The massive volume of information available in the world today makes clarity a key component of data literacy. Using engaging activities and relevant, real-life examples, both digital and online, Bar Graphs is an important stop along the information highway of the 21st century. Visual representations of data are the quickest and clearest way to share information. This title teaches young readers how to organize and present data using bar graphs, and explains how to interpret data in this form.
In Line Graphs, readers will discover how to organize, present, and interpret data in this useful visual form. Relying on critical thinking to assess data, readers will learn how to recognize patterns and predict outcomes. Imaginative activities and meaningful, real-world examples, both digital and online, will stimulate young minds to “get in line” with the benefits of data literacy.
Clear representations of data are vitally important in the information overload of the 21st century. In Picture Graphs, young readers will continue their journey toward data literacy by learning how to organize and present data using pictures, and how to use critical thinking to assess and interpret data in this form. Fun activities and relatable, real-world examples, both digital and online, will encourage readers to “picture” information in a new way.
With fun and engaging activities, Collecting Data outlines the steps to properly gathering and organizing data, which include observation, assessing the reliability of sources, and critically assessing data in order to draw reliable conclusions. Readers begin their journey toward data literacy by developing their sense of curiosity, and then conducting investigations, just like solving a mystery.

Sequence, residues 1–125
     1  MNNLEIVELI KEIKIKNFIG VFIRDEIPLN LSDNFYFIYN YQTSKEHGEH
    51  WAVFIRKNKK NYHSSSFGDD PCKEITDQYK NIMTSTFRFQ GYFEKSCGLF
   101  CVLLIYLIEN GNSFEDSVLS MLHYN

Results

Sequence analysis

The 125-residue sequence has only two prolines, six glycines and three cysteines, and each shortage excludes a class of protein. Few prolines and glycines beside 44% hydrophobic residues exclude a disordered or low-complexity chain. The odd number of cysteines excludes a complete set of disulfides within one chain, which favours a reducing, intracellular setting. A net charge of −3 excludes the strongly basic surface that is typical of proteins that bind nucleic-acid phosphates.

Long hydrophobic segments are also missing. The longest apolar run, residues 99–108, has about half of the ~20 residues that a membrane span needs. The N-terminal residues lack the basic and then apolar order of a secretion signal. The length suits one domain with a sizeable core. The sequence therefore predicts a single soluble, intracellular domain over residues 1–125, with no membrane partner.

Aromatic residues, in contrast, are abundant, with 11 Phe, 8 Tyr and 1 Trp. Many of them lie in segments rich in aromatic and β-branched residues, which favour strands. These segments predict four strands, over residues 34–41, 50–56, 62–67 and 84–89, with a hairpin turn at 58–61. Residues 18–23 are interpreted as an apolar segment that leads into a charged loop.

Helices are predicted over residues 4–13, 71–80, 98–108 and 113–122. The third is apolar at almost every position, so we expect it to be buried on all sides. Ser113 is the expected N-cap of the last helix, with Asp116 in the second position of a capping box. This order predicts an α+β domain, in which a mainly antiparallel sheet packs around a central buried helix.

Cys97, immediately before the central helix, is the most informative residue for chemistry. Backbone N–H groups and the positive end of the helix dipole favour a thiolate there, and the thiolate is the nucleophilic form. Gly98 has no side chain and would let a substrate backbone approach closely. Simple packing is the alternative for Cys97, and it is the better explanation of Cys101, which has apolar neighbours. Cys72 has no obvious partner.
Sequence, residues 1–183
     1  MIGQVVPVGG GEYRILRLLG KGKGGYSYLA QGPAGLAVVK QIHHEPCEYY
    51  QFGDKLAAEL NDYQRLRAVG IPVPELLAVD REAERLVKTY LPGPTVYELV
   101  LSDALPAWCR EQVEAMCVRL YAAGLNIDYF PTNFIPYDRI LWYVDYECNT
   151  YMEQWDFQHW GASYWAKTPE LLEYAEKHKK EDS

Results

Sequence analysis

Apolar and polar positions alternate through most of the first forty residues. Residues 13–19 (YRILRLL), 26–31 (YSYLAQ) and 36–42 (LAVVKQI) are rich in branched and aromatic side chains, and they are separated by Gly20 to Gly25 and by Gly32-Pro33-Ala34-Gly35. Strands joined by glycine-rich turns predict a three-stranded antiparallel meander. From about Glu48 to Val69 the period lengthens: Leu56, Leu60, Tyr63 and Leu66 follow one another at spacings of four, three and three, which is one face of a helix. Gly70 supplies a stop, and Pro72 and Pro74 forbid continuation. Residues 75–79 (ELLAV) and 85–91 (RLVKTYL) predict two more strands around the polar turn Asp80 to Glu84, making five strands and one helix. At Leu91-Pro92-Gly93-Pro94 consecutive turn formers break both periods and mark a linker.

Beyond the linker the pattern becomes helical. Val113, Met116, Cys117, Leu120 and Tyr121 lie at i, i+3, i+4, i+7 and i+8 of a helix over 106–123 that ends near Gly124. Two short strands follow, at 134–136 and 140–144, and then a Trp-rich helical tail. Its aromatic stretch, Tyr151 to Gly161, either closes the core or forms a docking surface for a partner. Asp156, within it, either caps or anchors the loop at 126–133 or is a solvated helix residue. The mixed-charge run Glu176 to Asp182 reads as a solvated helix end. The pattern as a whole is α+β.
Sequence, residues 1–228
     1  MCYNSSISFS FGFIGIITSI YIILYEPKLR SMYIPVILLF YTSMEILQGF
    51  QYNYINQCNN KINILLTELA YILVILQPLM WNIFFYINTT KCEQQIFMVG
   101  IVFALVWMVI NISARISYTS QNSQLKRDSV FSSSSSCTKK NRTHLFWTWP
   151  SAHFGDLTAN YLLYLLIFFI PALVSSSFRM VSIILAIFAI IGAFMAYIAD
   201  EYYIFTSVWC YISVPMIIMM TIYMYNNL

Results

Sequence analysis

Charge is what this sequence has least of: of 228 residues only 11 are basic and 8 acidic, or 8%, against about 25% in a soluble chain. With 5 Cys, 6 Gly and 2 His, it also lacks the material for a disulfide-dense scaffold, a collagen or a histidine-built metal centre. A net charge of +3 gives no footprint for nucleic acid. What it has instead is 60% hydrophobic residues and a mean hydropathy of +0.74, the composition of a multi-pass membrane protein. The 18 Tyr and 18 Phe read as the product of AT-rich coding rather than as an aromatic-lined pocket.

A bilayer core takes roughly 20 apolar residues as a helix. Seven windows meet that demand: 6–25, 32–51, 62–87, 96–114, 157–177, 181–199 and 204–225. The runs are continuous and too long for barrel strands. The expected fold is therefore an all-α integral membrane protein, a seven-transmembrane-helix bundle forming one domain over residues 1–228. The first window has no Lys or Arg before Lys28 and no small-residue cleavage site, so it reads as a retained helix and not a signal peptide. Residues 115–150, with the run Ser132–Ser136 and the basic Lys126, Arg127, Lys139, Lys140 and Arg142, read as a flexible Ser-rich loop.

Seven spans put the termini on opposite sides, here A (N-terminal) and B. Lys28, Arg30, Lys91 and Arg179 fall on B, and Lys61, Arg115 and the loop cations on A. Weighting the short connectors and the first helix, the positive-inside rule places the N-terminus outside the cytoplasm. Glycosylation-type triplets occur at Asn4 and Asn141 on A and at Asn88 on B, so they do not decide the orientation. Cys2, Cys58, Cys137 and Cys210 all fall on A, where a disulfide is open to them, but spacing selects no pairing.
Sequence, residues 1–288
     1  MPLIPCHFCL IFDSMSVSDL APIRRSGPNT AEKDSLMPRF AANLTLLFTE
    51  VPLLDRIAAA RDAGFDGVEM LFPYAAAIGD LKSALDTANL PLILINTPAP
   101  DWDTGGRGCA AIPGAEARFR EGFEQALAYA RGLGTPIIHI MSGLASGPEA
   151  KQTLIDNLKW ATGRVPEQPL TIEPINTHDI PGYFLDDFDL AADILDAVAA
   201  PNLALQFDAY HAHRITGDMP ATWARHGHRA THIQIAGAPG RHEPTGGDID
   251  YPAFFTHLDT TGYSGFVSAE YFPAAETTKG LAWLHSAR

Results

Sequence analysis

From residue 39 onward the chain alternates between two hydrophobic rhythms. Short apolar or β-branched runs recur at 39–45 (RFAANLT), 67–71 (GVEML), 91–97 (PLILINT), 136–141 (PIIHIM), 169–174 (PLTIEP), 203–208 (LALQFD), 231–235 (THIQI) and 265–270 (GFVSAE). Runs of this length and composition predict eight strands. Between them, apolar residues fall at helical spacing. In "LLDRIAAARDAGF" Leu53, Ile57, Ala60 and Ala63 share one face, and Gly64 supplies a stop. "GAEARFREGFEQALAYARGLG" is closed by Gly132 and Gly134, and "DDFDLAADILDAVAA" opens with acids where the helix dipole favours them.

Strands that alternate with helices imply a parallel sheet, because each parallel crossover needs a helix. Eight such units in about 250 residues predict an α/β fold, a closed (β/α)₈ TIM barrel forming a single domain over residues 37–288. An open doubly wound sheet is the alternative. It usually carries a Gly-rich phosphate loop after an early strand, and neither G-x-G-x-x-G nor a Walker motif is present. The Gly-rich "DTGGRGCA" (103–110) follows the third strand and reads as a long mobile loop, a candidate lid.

London, England's Big Ben is one of the biggest bells ever made. Its melodic sound has rung in the capital city of London for more than 150 years. Big Ben hangs in the 316-foot Palace of Westminster with the Great Clock. The clock's gears move the hands on the clock's four faces. It also makes the quarter bells and Big Ben chime. Together, it is one of England's most popular tourist sites. Yet, Big Ben was almost never built. Fire, carelessness, and attacks nearly kept it a dream in some people's minds. Discover how this beloved British landmark was nearly lost several times and how determination and hard work brought it to life.
What is that hovering over the Pacific Northwest city of Seattle, Washington? Is it part of a movie set? Is it a publicity stunt? Could it bean actual spaceship? When you first spy the soaring Space Needle, high above Seattle, it's easy to be confused. The people who designed it more than 50 years ago would be happy to know that their building still amazes and mystifies. They wanted to create something that looked as if it had come from the future, just in time for the 1964 World's Fair. The obstacles they faced, the problems they solved, and the decisions they made have turned the Space Needle into more than just an incredible site to visit - it makes for an incredible story.
What looks like a solid stone statue but inside has a staircase of 354 steps leading from pedestal to crown? The Statue of Liberty! This enormous monument in New York Harbor is both a stunning work of art and an amazing feat of engineering. If you like building things and putting puzzles together, you'll love learning about the making of Lady Liberty, America's greatest symbol of freedom and friendship.